NPR’s response to its recent incidents of inappropriate workplace behavior is drawing the scrutiny of employees, several of whom weighed in at a board meeting this month on matters of pay equity and trainings around harassment.
The May 4 meeting at NPR’s headquarters was the third consecutive board session where employees spoke about the harassment fallout during a public comment period. Two who spoke focused on issues of pay equity, a topic of review within NPR as the network follows up on an outside investigation of its handling of harassment claims.
The report by the law firm Morgan Lewis found “a widely held belief by female staff members that there is an imbalance between men and women in promotions, opportunities, and compensation.” The report recommended NPR conduct a gender equity study of compensation and promotions.
An NPR spokesperson declined to provide details about the review. But according to employee Jane Gilvin, who spoke at the meeting, the review is examining decisions about employee pay made by former Senior VP of News Michael Oreskes. Oreskes left NPR in November after allegations arose of inappropriate behavior with former female employees and colleagues.
Gilvin, a product owner with NPR’s Research, Archives and Data Strategy team, told board members that the review should also examine influence over employee pay wielded by former chief news editor David Sweeney. Sweeney also left NPR in November following allegations of inappropriate behavior.
The former chief editor sat on committees that negotiated labor contracts and determined promotions and raises for far longer than Oreskes’ two-year tenure at NPR, Gilvin said.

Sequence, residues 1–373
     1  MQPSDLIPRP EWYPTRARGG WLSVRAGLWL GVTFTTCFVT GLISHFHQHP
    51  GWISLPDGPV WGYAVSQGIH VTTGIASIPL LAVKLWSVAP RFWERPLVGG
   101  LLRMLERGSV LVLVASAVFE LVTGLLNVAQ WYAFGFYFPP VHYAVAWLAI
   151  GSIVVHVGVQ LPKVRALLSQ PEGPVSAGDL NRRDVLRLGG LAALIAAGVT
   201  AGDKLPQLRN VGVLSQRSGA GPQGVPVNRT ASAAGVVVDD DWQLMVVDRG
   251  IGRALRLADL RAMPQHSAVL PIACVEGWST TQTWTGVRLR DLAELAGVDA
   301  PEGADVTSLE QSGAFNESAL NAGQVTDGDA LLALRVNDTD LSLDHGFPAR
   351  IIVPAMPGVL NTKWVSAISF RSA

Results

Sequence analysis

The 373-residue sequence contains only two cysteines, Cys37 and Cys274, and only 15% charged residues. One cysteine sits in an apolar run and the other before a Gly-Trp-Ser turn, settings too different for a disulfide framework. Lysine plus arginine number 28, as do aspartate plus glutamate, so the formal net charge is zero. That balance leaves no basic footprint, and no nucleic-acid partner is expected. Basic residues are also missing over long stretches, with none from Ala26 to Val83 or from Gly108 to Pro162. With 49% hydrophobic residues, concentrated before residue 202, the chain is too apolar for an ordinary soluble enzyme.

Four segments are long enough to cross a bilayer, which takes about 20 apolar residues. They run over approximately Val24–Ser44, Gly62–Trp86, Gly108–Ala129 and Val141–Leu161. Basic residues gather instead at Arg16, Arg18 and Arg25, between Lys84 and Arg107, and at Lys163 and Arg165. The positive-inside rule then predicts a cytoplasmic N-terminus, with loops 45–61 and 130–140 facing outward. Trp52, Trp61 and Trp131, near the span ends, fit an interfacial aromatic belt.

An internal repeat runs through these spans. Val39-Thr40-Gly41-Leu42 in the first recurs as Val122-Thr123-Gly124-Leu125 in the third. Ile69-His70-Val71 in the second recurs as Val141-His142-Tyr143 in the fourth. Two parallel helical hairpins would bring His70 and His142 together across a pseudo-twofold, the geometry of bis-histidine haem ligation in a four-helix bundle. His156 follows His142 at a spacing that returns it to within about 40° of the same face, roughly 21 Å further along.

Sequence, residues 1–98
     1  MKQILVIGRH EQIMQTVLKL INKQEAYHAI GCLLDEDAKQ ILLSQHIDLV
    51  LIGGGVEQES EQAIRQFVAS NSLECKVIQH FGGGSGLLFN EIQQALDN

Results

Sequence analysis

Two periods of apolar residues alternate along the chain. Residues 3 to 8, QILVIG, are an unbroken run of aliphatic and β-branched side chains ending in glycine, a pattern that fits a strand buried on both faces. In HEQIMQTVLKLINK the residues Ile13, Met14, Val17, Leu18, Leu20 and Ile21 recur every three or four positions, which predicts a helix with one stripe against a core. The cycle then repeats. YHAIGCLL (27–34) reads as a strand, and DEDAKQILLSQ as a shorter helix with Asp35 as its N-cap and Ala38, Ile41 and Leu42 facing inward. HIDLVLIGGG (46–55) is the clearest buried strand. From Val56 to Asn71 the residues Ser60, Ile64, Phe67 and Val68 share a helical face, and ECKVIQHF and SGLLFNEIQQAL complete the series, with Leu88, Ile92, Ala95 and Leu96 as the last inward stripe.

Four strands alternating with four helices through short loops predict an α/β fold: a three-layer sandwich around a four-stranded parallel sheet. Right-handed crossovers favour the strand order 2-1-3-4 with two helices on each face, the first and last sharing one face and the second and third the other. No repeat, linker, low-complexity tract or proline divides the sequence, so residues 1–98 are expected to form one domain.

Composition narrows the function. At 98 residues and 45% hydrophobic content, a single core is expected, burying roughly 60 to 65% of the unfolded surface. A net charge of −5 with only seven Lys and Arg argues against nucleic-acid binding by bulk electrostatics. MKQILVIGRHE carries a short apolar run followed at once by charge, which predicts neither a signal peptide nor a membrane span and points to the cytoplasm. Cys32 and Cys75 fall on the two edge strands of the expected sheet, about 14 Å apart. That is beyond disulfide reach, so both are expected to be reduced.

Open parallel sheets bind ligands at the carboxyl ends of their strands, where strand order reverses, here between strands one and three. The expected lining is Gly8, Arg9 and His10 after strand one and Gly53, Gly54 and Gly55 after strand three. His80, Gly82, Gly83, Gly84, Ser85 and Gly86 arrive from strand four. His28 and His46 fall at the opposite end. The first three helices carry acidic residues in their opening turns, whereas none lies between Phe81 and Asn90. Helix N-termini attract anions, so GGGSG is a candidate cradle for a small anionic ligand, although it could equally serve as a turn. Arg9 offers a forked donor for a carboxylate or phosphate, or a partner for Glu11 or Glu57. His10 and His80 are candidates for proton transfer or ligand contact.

NPR should also ask staffers to add details about their jobs not included in NPR’s data, said Gilvin, who asked the board to release the pay review to staff “with minimal redaction.”
“You’ve asked us to give you the chance to earn our trust back,” she said. “This is an opportunity.”
NPR’s legal and HR team and outside consultants working on the equity review have not given a firm deadline for when they will conclude their work, according to Gilvin.
Nick DePrey, a programming analytics project manager with NPR’s Digital Media division, echoed the need for transparency around the pay equity study, particularly with respect to methodology and conclusions.
“Staff need a mechanism by which they can definitively determine whether they’re paid, rewarded and promoted according to their merits,” he said.
DePrey said he spoke on behalf of a group of employees who have observed that men at NPR are falling short in responding to the network’s problems with workplace harassment. “With few exceptions, it’s been our COO Loren Mayor who’s taken a front-and-center lead on this issue,” DePrey said. “… Most often it’s been only women who have been willing and able to show a full understanding of what happened and why it’s wrong. We’re looking for shared responsibility, and I think that’s our most fundamental problem.”
The Morgan Lewis report also recommended that NPR staffers participate in in-person sexual harassment trainings. The trainings have been more useful and meaningful than the digital trainings NPR previously offered, Los Angeles correspondent for Code Switch Karen Grigsby Bates said in a statement read at the board meeting by newscaster Korva Coleman.
But employees have felt that the trainings are aimed at protecting NPR from future liability, Bates wrote. “Now we need training to protect us, the people who make NPR,” she wrote.
Many employees wish the sessions were longer, more in-depth, less generic and focused on protocols that NPR should have in place, she said, and employees should be informed that they can bring outside representation, union reps or a colleague if asked to meet with a HR representative to discuss a complaint. Trainings should also explain why an NPR lawyer is present at HR meetings about complaints. Being surprised by a lawyer’s presence “didn’t inspire confidence with the people who have had that experience,” Bates wrote.